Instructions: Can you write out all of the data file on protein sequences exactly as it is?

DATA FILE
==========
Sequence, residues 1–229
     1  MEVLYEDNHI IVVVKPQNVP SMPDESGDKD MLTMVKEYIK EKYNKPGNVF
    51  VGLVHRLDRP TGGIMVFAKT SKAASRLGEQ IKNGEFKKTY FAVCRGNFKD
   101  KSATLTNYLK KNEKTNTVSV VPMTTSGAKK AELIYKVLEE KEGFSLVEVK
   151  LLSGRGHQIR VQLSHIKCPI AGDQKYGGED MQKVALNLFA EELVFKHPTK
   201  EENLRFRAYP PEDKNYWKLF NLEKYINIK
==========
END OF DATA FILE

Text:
Sequence, residues 1–229
     1  MEVLYEDNHI IVVVKPQNVP SMPDESGDKD MLTMVKEYIK EKYNKPGNVF
    51  VGLVHRLDRP TGGIMVFAKT SKAASRLGEQ IKNGEFKKTY FAVCRGNFKD
   101  KSATLTNYLK KNEKTNTVSV VPMTTSGAKK AELIYKVLEE KEGFSLVEVK
   151  LLSGRGHQIR VQLSHIKCPI AGDQKYGGED MQKVALNLFA EELVFKHPTK
   201  EENLRFRAYP PEDKNYWKLF NLEKYINIK